Great Britain made a strong start to day 11 of the Tokyo Paralympics, winning more para-canoeing gold through Laura Sugar in the KL3 event and Charlotte Henshaw in the KL2, with Emma Wiggs taking silver following her own title on day 10. Stuart Wood won bronze in the 200m VL3 para-canoeing event.
Meanwhile, Jordanne Whiley and Lucy Shuker came up short in their quest for wheelchair tennis doubles gold against the Netherlands, losing their final after Hannah Cockroft triumphed in the T34 800m for her seventh Paralympic title. Kare Adenegan won silver behind Cockroft. Men’s tennis doubles partners Gordon Reid and Alfie Hewett faced off against one another in the singles bronze-medal match, with the former triumphing and refusing to celebrate.
Elsewhere, Dan Bethell lost his badminton SL3 singles final but claimed silver for Great Britain. Aled Sion Davies won a third Paralympic gold in the F63 shot put to retain his title, and Kadeena Cox came fourth in the women’s T38 400m final.
On day 10, GB won three gold medals and passed the 100-medal mark in Tokyo. Reid and Hewett came agonisingly close to winning their first Paralympics gold medal in the wheelchair tennis doubles but were defeated by France 7-5, 0-6, 7-6 (7-3) in a thrilling final. Owen Miller won a surprise gold in the men’s 1500m T20 on his Paralympics debut, then further success in the Olympic Stadium as Jonathan Broom-Edwards won gold in the men’s high jump T64 and Hannah Taunton claimed bronze in the women’s 1500m T20 in wet conditions in Tokyo. Elsewhere, Wiggs won ParalympicsGB’s first gold in the VL2 discipline of para-canoe, while teammate Jeanette Chippington claimed bronze in the same event.
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With the Paralympics heading to Paris in just three years time, the organisers of the 2024 Games have promised to “go big” as the country hosts the event for the first time.
The party atmosphere that followed the handover of the Paralympic to Paris was a reminder of what was missing in Tokyo despite the city putting on such a memorable spectacle: the fans.
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For the sixth straight Paralympics they played for bronze and for the fourth time they won it, with a 68-58 victory against Spain on the final day in Tokyo.
Considering they’re also the reigning world champions, this might appear an underwhelming result akin to another pair of socks at the bottom of a Christmas stocking.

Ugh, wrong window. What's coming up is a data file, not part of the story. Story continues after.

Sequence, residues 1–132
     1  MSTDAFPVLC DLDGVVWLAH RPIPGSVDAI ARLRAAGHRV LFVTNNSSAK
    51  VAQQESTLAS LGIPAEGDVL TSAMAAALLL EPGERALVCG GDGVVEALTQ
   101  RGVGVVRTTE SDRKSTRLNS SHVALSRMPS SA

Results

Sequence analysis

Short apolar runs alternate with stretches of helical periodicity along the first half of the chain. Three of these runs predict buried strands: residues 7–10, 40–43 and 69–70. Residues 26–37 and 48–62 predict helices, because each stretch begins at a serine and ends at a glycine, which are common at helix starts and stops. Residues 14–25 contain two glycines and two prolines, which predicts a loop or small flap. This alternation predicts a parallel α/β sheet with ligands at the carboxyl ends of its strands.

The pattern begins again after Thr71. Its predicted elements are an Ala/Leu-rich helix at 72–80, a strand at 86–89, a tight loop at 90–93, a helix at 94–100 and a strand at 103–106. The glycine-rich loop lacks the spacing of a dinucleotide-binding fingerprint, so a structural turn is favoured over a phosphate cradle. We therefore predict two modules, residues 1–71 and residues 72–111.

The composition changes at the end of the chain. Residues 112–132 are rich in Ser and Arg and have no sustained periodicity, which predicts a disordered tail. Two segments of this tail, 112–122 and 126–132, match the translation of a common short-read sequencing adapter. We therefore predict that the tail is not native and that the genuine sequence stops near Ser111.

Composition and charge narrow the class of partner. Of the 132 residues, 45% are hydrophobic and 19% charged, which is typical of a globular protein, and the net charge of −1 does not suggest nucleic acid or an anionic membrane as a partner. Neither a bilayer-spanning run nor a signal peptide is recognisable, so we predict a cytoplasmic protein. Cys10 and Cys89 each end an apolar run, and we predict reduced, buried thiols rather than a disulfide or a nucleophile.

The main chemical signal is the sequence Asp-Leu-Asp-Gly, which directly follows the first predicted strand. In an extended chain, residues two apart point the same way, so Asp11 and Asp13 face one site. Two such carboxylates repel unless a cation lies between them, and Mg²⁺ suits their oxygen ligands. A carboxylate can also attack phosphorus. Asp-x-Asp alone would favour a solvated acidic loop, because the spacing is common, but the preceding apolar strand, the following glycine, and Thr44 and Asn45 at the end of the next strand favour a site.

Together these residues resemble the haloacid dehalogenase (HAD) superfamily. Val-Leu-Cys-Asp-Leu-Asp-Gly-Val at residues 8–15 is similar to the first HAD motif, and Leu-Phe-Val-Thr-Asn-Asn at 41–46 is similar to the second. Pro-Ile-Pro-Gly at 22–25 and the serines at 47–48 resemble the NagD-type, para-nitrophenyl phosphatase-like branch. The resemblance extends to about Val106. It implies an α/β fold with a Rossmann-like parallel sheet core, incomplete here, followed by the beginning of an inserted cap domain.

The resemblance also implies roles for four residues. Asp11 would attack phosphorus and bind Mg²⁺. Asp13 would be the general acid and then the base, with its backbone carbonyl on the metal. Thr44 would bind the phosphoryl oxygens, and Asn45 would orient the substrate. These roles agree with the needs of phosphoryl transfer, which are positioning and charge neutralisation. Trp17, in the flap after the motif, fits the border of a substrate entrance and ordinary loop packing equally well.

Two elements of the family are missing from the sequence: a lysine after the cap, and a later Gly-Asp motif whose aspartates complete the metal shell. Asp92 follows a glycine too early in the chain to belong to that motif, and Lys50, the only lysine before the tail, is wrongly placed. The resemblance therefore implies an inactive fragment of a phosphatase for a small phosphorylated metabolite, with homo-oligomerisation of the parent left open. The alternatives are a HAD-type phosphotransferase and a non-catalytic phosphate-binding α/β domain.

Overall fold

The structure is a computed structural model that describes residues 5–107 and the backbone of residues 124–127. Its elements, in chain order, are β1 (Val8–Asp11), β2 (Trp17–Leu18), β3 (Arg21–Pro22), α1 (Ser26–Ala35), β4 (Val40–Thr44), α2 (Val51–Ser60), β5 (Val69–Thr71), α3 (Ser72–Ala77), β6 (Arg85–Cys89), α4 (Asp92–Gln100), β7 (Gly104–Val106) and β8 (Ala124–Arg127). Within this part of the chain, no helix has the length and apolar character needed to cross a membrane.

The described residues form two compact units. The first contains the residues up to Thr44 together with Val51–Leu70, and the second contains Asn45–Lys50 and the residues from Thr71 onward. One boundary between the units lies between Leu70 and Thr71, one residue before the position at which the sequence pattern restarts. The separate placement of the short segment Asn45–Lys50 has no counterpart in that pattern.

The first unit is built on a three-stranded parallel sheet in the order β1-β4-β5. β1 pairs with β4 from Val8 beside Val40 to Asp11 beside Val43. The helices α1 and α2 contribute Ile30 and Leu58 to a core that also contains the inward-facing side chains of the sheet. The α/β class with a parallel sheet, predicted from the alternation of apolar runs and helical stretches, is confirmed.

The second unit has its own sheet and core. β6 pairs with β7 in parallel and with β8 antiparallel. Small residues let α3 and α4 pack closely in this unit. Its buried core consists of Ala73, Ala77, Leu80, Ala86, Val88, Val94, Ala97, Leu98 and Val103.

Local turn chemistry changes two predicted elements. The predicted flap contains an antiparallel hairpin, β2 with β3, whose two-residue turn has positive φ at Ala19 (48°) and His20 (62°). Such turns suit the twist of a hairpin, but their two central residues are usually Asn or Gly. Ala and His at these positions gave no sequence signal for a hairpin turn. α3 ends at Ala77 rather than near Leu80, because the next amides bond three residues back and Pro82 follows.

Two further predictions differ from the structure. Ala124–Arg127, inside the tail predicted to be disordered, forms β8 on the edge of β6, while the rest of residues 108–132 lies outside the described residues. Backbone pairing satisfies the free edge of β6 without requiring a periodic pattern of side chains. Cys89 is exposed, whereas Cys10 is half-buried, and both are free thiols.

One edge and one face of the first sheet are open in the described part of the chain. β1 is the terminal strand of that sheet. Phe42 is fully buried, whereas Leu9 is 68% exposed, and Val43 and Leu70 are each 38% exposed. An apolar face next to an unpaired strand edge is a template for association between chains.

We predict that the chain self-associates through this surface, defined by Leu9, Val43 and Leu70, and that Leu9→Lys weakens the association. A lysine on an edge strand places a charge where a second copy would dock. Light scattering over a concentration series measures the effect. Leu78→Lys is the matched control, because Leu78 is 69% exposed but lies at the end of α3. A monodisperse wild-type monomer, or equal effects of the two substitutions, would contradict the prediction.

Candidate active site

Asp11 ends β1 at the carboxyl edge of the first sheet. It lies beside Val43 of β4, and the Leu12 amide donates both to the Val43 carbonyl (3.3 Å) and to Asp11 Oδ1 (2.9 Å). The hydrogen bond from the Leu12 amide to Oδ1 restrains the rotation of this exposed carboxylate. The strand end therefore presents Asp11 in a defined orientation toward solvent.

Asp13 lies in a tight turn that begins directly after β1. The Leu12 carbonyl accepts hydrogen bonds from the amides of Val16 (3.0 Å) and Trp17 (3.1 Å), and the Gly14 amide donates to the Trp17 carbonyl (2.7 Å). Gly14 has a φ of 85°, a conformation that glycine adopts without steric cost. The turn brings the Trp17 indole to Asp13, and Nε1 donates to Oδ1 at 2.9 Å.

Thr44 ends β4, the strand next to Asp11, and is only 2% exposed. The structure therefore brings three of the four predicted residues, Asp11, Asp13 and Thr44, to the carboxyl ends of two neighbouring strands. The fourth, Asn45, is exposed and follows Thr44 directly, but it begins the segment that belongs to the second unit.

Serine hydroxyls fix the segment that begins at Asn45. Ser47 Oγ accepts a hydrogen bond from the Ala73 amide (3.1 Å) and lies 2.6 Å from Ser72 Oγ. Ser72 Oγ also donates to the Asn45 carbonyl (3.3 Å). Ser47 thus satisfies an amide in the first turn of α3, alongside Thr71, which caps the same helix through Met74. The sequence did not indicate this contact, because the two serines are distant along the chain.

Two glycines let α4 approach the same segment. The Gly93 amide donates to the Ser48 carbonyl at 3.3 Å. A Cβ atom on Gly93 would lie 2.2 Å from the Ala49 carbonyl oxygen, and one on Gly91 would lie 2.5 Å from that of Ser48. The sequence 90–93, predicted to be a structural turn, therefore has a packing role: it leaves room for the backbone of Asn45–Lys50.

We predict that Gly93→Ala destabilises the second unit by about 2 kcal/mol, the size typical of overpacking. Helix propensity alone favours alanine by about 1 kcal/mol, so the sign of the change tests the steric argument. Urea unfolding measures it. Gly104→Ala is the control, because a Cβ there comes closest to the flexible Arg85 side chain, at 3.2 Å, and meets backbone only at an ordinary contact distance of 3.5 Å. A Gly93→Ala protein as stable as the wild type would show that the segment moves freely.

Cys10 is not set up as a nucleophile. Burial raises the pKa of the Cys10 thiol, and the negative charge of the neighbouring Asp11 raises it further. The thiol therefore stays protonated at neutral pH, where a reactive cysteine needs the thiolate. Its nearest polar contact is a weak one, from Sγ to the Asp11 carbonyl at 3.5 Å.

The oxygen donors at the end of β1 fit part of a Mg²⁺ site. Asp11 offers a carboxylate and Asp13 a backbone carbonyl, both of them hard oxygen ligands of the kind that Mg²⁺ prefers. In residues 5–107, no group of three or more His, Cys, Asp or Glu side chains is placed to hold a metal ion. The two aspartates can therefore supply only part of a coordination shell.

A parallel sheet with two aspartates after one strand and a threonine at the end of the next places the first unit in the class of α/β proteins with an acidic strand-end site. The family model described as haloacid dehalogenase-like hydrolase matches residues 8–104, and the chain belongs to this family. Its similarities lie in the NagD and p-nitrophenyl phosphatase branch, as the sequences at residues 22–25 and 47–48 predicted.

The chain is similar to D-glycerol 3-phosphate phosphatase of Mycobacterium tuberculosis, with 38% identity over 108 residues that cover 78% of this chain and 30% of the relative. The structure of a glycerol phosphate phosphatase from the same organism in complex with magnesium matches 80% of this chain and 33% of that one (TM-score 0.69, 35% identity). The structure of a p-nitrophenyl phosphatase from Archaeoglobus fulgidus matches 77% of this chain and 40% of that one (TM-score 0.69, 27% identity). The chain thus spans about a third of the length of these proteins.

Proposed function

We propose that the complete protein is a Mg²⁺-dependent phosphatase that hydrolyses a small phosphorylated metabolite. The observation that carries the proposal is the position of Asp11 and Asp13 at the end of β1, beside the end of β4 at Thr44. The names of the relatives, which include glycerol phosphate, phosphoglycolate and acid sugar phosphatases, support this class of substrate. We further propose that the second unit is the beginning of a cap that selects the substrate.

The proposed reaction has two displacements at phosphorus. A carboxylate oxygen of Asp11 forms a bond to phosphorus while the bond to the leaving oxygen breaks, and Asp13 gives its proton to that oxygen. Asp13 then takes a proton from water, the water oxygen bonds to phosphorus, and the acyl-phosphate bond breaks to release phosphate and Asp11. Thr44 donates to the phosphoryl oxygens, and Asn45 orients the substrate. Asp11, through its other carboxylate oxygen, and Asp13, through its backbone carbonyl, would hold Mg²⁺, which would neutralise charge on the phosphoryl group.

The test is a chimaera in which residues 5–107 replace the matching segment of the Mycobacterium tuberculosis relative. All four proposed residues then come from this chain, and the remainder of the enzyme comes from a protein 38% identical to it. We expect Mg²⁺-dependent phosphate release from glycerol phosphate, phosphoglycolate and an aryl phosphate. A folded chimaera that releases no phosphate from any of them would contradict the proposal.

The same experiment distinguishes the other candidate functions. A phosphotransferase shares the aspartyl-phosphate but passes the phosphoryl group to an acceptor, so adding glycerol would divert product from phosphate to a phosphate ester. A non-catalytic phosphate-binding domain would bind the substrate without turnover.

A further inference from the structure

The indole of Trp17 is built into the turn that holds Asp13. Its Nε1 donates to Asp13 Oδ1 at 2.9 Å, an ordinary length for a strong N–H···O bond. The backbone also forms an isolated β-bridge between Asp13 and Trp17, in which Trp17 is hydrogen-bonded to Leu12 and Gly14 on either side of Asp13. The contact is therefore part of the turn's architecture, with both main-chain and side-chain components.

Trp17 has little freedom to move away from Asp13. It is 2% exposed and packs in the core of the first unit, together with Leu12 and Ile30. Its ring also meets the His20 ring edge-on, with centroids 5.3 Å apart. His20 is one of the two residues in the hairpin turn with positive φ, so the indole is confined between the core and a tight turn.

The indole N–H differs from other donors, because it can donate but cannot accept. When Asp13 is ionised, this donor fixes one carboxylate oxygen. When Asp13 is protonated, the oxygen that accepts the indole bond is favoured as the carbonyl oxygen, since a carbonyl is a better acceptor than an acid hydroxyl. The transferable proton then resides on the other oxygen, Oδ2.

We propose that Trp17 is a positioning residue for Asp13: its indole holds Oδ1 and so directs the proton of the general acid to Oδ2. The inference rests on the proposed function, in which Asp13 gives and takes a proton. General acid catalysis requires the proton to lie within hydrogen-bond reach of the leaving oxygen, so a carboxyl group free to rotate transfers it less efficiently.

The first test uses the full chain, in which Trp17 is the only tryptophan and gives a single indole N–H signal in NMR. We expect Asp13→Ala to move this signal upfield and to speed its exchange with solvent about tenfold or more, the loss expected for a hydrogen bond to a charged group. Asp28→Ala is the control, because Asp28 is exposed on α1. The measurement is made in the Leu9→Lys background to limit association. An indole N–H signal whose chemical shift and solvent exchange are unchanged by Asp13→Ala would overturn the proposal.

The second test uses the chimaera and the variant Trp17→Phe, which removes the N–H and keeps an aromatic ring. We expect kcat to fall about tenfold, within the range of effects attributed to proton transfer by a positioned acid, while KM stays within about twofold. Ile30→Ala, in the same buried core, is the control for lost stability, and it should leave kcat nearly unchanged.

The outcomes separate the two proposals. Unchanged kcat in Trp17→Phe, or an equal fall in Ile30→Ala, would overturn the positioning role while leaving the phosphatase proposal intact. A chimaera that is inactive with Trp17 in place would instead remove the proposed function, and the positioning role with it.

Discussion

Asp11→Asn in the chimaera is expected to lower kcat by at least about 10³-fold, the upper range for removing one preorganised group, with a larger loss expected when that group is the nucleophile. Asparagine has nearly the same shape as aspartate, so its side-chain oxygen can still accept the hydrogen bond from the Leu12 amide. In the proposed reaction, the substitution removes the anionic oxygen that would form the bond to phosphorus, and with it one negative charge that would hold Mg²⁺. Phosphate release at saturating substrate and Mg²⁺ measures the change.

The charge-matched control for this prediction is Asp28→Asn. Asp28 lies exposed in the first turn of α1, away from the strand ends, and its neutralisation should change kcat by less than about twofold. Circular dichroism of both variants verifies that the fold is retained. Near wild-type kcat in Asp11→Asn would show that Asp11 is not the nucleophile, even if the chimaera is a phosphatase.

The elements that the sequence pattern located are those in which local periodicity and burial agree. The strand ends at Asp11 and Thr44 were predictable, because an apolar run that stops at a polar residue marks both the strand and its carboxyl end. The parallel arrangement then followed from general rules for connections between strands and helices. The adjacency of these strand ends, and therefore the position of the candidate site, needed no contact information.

But after the tumultuous build-up to the Games, which saw their head coach test positive for Covid just days before the squad were due to fly to Tokyo, this bronze means so much more.
Read Charlie Bennett’s final report from Tokyo on a special achievement from the GB team.
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Performances from Ellie Robinson, Alfie Hewett, David Smith and countless others have contributed towards a “historic” 10 days for ParalympicsGB.
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Paralympics closing ceremony: Flame extinguished inside stadium
The cauldron inside the Olympic Stadium closes on itself for the final time as the Paralympic flame is extinguished - that brings an end to the closing ceremony.
Paralympics closing ceremony
Prince Harry was featured in the IPC’s ‘We the 15’ video, which reaffirms their push for inclusivity and change following the completion of the Paralympic Games.
A special and emotional rendition of ‘What a Wonderful World’ is then performed in the Olympic Stadium, as we prepare to extinguish the Paralympic flame.
Paralympics closing ceremony: Games declared closed
Parsons concludes his speech by declaring the Paralympic Games officially closed.
Paralympics closing ceremony: Speeches underway
Tokyo 2020 Seiko Hashimoto is the first to speak and thanks the athletes for “filling stadiums with smiles”.
She adds: “Change starts with awareness. We’re determined to build a diverse and inclusive future where people recognise and support each other’s differences free from discrimination or barriers of any kind.”
IPC president Andrew Parsons begins his closing speech by thanking Japan. “Together, against the odds, we did it. You, the people of Japan, made this possible.” He declares his “immense gratitude” to the organisers of the Games.
Parsons then says the Tokyo Paralympics has seen athletes celebrate their differences, and reaffirms his commitment to pushing for increased inclusivity for the 15 per cent of the world’s population who have a disability.
Paralympics closing ceremony: Party time in Paris
The Paralympic Games have been passed over to Paris, and in some style!
There’s a burst of noise and colour as we are transported to the Eiffel Tower in Paris, where the handover party is in full flow.
The music is provided by French DJ Pone, who was diagnosed with ALS in 2015. He performs from his bed through a screen using eye-tracking software. He is a remarkable artist.
Paralympics closing ceremony
The passing of the Paralympic flag involves figures from Tokyo, the IPC and Paris.
Yuriko Koike, the governor of Tokyo, passes the flag onto IPC president Andrew Parsons. He then hands it over to Anne Hidalgo, the mayor of Paris.
The French flag will now be raised inside the Olympic Stadium while La Marseillaise plays out.
Paralympics closing ceremony
The performance reaches a high-tempo crescendo, as all the dancers from the ceremony come together in a colourful and powerful conclusion.
The Paralympic flag has now been lowered and will be passed onto the representatives from Paris 2024.
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